Digital Green Book Website

Birdwatching. BBQ'ing in a park. Browsing a store. Eating at a restaurant. These activities can be either fun and enjoyable or dangerous and deadly, depending on the color of your skin.

In 1936, the first edition of The Negro Traveller’s Green Book was published by a Black man named Victor H. Green, in Harlem, New York. The Green Book provided a directory of Black-friendly businesses, from restaurants to gas stations, mechanics to doctors, so that Black travelers could protect themselves from discomfort and danger by planning ahead.

The original Green Book stated, "The purpose of the Green book is to give the negro traveller information that will keep him from running into difficulties, embarrassment, and to make his trip enjoyable.” 

It also said, “There will be a time in the future when this guide will not have to be published.” The last print edition was published in 1966-1967, as the Civil Rights Act of 1964 outlawed racial discrimination. Unfortunately, as we know all too well, just because something is written into law doesn't necessarily mean it's no longer happening.

In 2020, two Black women plan to launch the first nation wide digital version of the Green Book, providing a crowd-sourced database of businesses, parks, restaurants, stores, and towns that Black people can feel safe traveling to and through.

It’s like Yelp, but for inclusivity.

On this website, users can submit business locations they feel safe in, as well as businesses owned/operated by people of marginalized identities. Users can rate a business on a range of things, such as courtesy of staff, ADA compliance, sense of personal safety as it relates to their identity, gender neutral bathrooms, and more. 
We take it even further...

Also available on our website:

- Resources to help businesses self-audit for inclusiveness
- Resources to help businesses improve
- Referrals to Diversity, Equity and Inclusivity trainers

• It’s like if a restaurant listed on Yelp got a bad review for cooking, and  then provided the restaurant with cooking classes to help them become better.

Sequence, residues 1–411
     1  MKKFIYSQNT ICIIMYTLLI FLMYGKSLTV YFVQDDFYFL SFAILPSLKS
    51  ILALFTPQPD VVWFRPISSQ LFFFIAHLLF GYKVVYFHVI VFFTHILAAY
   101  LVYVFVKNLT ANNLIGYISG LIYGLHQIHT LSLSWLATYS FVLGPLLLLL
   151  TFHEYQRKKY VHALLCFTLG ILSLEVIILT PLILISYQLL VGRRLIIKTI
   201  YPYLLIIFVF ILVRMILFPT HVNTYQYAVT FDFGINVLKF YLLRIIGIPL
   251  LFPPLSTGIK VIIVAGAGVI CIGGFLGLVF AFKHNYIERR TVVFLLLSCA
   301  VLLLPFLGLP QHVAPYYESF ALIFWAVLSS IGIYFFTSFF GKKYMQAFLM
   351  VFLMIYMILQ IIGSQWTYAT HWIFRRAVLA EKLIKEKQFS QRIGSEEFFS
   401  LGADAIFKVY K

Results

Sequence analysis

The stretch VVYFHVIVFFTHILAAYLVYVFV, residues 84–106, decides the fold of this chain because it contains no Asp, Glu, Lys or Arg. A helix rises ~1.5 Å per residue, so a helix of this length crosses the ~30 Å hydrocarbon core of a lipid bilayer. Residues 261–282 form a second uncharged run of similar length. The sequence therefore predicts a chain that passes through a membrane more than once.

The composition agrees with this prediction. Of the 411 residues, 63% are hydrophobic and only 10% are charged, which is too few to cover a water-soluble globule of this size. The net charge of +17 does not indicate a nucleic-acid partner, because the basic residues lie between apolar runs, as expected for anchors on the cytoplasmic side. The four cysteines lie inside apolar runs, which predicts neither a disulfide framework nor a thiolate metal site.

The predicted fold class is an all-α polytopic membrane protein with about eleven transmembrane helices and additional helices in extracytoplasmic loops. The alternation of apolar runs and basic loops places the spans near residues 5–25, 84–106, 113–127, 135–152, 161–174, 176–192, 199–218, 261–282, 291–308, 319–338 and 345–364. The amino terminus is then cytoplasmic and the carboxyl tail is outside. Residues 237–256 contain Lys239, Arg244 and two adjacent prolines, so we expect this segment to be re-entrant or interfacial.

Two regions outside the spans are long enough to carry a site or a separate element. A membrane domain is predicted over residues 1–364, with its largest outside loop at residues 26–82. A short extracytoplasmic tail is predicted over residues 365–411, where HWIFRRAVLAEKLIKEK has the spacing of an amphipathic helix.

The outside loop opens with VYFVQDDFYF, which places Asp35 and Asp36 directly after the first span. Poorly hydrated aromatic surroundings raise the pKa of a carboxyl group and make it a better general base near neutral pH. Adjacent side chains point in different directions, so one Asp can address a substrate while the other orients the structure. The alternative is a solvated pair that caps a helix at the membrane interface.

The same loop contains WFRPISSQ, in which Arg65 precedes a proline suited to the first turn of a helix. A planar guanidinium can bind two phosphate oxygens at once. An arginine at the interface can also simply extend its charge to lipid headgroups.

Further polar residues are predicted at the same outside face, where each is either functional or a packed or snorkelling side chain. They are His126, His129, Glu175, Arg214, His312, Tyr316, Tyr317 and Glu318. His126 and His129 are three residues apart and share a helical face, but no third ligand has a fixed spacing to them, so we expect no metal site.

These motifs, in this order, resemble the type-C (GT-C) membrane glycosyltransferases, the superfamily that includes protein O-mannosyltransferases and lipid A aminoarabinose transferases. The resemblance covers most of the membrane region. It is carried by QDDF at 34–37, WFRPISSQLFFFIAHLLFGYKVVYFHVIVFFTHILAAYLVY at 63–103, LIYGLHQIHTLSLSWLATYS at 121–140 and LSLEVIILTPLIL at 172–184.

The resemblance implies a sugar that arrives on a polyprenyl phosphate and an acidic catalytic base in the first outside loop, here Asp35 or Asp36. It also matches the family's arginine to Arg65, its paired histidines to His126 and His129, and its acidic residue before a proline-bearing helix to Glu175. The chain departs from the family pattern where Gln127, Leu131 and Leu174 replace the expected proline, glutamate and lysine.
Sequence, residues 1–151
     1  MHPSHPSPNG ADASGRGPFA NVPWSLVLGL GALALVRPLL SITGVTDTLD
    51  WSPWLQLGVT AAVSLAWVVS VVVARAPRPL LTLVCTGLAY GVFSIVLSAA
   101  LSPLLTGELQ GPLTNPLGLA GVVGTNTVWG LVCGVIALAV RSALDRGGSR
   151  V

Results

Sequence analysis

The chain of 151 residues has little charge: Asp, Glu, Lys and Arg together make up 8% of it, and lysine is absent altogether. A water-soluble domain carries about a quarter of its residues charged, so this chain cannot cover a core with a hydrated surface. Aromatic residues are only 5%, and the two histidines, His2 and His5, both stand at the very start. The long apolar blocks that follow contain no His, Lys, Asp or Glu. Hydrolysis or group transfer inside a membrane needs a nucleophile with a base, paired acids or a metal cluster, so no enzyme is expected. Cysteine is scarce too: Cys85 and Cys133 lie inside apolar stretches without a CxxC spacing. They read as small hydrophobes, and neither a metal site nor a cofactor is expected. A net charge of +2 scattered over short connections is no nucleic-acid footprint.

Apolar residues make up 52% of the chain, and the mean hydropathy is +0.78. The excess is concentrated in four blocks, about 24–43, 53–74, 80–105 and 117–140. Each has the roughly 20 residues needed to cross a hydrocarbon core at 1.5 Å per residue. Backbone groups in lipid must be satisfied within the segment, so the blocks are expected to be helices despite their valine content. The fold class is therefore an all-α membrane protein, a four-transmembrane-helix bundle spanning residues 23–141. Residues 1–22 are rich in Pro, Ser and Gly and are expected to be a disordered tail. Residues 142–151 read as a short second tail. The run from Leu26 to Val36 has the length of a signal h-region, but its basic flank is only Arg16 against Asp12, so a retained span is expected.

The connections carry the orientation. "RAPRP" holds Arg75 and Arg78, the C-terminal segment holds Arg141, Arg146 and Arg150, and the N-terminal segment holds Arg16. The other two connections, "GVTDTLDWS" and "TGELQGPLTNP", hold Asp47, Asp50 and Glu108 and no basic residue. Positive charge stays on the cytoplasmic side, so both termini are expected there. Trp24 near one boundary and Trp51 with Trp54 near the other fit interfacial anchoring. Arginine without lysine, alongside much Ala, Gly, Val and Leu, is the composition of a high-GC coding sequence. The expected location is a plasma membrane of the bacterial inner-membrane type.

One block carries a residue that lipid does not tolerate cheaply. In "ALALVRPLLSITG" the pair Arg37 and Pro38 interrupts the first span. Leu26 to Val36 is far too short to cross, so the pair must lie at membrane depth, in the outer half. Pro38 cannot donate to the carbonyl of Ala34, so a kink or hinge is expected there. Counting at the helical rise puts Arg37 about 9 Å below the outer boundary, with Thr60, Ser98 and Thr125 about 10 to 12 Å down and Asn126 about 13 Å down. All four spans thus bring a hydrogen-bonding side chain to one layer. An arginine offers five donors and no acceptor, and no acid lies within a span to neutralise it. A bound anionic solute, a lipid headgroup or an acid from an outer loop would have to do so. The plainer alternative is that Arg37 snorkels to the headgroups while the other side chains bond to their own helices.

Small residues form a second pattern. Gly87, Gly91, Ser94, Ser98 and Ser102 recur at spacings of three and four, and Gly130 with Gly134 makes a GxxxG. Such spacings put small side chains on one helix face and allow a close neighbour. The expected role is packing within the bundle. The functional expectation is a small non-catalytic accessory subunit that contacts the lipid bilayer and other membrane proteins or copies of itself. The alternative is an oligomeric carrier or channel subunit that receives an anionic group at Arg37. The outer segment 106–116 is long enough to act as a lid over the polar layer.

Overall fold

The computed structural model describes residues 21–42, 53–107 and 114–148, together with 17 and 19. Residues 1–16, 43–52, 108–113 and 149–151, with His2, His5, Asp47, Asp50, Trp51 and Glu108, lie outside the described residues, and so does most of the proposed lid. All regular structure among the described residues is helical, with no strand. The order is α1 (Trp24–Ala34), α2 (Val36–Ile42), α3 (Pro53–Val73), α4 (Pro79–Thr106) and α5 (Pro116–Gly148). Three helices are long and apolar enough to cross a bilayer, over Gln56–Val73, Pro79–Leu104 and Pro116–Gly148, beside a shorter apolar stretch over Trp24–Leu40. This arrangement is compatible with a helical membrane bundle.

• There will be a range of free to paid options for these resources.

If we raise enough money, we will be able to increase the intersectionality of this database, to ensure we can provide additional resources for those from other marginalized communities, such as the LGBTQIA+ community, those who need ADA/Accessibility information, and more. 

The idea-makers behind this, Crystal Egli & Parker McMullen-Bushman, have drafted a sample website and outlined everything they ever dreamed of for its features. However, they are also two women with full time jobs, kids, no web designing experience, and are board members and community organizers as well. The money raised here would go to hiring a Black web designer to help Crystal and Parker see their dream turned into reality. 

Money raised over our initial $25,000 goal will be dedicated to growing the website and the services and programs it offers.

To learn more details about this project, please visit InclusiveJourneys.com.

- Crystal & Parker

Donations

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  • Anonymous 
    • $10 
    • 13 hrs
  • Gina Erato 
    • $10 
    • 2 d
  • Anonymous 
    • $25 
    • 4 d
  • Catherine Fiorello 
    • $25 
    • 9 d
  • Benjamin Hassenger 
    • $5 
    • 10 d
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Fundraising team (6)

Crystal Egli 
Organizer
Denver, CO
Chantel Friedrich 
Team member
Charnell Parker McMullen Bushman 
Team member
Jamaica Elliott 
Team member
Kelsey Mazur 
Team member
See all
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